A simple line drawing done in 30 seconds or less can be thought of as a final work of beautiful art just as a photo-realistic painting that took thousands of hours to create can… Any and Everything in between these two extremes is where most artist live. It’s a very dangerous rocky terrain with a lot of smooth valleys full of beautiful smelling flowers. It takes a true artist to know how to balance it all out and make sure that the level of realism is right for the work in question, and each individual area of each work’s composition in question. There’s a different answer for each artists and each individual work.

As I post more artworks in to this blog, I’ll try to explain my own individual tendencies, techniques, and ways of doing things to get my works to where I want them. It is often said that an artist is his/her own most critical judge. I agree with that somewhat. However, that judgement is what makes us who we are, and makes us strive to do better in the future, or to strive to make horrible and hideously disgusting works that cause fear in the hearts of mankind…. It’s all about figuring things out and making them work… knowing the messages you are trying to communicate and trying to find ways to make those messages clear. For me compositional balance is a very important thing. For others, maybe not so much. I’ll try to post more artwork here in the blog later this week.

Inspirations – Dennis Blagg

When I was at the Modern Art Museum of Fort Worth, I saw Dennis Blagg’s Passover.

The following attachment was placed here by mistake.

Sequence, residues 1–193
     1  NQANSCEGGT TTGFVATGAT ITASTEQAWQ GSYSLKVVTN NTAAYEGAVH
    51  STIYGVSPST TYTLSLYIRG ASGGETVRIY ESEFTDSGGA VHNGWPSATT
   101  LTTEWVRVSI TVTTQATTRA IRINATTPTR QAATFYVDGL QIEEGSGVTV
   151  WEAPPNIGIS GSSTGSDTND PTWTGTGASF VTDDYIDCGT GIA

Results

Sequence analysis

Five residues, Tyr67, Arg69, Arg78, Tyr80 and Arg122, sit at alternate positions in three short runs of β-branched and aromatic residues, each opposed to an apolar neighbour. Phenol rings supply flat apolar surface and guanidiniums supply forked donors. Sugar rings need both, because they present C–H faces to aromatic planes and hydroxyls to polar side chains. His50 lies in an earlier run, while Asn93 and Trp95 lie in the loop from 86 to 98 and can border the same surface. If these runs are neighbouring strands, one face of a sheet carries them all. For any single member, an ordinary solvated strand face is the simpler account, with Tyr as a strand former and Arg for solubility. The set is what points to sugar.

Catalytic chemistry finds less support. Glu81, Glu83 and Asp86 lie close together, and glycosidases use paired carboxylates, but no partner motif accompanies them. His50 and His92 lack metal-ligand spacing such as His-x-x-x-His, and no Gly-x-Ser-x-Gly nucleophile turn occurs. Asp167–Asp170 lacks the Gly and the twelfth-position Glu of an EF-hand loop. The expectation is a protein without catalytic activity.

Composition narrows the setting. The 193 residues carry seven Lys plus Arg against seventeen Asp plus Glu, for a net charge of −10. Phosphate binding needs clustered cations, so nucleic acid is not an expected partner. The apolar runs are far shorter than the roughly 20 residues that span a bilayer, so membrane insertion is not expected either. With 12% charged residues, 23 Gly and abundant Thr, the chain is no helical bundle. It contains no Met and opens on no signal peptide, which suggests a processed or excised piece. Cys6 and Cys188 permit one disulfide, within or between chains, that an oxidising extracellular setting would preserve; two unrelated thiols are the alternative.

photo of Dennis Blagg's Passover on Flickr

I love this painting, and think that Dennis has a color palette that is similar to the color palette that I try to go after with my own works. The darkened purplish sky in the horizon sitting right next to the yellow wheat in the foreground that breaks up the landscape is an intense visual image that is hard to forget, not that anyone would ever want to forget it. It burns an amazing sensual one-ness with nature in to the viewer’s brain. It is not just a landscape, but a landscape that you feel as if you are a part of. There is a harmonic balance between the hills on the right and the weat on the left. There is a lot of invisible triangular compositional balance going on, but that intense splash of yellow on top of a darkened sky is something that can truly be called beautiful.

I have seen prints of this work before and loved the piece at that time, but it is far more amazing to view in person!

Fort Worth…

Last weekend, I went to Forth Worth, Texas to visit my Brother, Sister-in-law, and my niece. They live down there, and this was really the first time that I’ve had a chance to visit there or see them for over a year. It’s a great cultural city to visit.

http://en.wikipedia.org/wiki/Fort_Worth,_Texas